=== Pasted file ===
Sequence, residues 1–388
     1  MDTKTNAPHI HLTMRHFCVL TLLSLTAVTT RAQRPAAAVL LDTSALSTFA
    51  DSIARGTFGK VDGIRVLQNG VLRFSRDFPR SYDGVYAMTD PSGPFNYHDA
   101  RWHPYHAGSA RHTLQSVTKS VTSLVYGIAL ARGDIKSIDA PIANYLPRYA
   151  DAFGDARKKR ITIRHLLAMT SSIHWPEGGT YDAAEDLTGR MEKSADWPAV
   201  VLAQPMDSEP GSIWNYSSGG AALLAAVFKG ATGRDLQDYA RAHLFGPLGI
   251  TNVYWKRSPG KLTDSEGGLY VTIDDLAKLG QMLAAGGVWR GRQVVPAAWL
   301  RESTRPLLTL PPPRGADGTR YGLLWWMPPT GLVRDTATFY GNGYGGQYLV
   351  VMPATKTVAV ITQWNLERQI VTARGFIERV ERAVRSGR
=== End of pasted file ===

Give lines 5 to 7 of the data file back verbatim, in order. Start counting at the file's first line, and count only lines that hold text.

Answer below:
   151  DAFGDARKKR ITIRHLLAMT SSIHWPEGGT YDAAEDLTGR MEKSADWPAV
   201  VLAQPMDSEP GSIWNYSSGG AALLAAVFKG ATGRDLQDYA RAHLFGPLGI
   251  TNVYWKRSPG KLTDSEGGLY VTIDDLAKLG QMLAAGGVWR GRQVVPAAWL